A New Era of Teaching and Research Begins at The George Washington University
WASHINGTON, D.C. – The George Washington University's Science and Engineering Hall opened to students on January 12, doubling the available space for a mix of disciplines and unifying researchers that were previously spread across a dozen locations. Clark completed construction of the nearly 500,000 square-foot, state-of-the-art facility, which features specialized research spaces including a greenhouse, cleanroom, imaging suites, machine shops, aquatics suite, and a three-story high bay materials laboratory with a structural strong wall and strong floor.
At the height of construction, more than 600 workers were onsite, logging more than one million man-hours to deliver the facility on time. Throughout construction, crews had to work in a limited footprint, constrained by a nearby Metro tunnel, which was just 10 feet away at its closest point. With such limited space within an urban environment, the team jacked and bore a tunnel 40 feet below 23rd Street to transport utilities from neighboring Ross Hall to the new facility. This solution eliminated the need to construct a central utility plant for the new building.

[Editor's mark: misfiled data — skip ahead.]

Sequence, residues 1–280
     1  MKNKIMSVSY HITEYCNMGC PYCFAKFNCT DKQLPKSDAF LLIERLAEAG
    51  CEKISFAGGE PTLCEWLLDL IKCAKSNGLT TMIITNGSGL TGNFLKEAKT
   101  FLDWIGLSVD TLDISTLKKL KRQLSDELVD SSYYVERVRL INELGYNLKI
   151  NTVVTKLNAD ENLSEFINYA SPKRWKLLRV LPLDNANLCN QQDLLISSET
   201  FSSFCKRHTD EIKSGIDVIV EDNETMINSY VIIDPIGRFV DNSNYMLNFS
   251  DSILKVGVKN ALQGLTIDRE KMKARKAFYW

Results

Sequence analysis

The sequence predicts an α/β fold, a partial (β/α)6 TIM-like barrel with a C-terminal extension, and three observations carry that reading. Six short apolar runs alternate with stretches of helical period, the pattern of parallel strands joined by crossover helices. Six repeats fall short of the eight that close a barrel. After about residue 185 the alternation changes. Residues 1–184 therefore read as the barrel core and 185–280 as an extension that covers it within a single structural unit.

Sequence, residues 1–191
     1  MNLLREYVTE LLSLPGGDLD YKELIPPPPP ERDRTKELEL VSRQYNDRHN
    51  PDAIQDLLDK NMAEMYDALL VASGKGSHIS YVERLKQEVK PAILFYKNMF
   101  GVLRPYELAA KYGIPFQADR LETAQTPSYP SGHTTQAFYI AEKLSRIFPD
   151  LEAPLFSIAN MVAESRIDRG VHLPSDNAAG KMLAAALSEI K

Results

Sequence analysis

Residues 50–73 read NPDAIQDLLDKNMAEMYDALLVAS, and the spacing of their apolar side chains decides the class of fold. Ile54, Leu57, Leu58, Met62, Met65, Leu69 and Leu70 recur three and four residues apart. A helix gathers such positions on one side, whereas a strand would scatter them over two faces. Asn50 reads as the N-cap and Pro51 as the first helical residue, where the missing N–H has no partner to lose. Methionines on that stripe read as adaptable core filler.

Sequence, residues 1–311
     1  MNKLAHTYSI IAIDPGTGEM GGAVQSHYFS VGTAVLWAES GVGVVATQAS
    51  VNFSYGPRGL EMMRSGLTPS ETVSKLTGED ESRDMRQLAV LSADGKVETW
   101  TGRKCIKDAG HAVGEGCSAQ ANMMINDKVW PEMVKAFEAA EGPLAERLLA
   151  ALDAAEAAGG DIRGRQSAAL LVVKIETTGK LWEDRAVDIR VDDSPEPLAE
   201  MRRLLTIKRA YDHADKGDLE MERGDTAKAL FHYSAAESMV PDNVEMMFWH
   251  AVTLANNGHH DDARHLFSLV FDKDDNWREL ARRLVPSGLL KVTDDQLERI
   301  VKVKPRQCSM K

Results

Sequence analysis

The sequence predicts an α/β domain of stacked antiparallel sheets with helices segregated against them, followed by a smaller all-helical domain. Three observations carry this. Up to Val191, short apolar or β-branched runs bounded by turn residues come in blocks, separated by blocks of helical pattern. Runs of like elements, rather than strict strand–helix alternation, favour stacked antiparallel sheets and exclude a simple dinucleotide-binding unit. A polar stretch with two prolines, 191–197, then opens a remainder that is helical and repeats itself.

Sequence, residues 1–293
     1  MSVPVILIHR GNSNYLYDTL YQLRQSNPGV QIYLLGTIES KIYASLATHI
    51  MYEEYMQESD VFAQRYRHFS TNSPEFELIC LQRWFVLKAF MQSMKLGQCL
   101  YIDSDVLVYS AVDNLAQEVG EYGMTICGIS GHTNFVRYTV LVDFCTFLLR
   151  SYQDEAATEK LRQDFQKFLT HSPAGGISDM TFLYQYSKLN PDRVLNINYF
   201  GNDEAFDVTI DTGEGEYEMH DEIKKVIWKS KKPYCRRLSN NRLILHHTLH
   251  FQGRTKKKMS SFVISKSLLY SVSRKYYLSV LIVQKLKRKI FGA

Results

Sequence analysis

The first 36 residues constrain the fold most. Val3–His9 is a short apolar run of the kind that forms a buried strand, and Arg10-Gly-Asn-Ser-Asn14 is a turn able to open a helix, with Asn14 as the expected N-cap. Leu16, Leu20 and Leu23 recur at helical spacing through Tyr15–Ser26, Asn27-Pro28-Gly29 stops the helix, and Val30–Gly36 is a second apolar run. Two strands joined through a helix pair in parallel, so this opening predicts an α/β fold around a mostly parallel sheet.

Clark Concrete also served as part of the project team placing 45,000 cubic yards of concrete and 5,000 tons of reinforcing steel to form the building's structure and internal spaces. The Science and Engineering Hall's striking façade is comprised of heat-strengthened curtain wall and terra cotta clay panels imported from Germany.
The completed facility encourages interdisciplinary partnerships and collaboration through "research neighborhoods" that place laboratories and office space for multiple disciplines next to each other around a central atrium and monumental staircase. Many research and teaching spaces for faculty and students are open and on display for observation. To enhance wayfinding, the building's various areas are color coded by location. Teaching and research labs are flexible and can adapt as the university's needs change over time.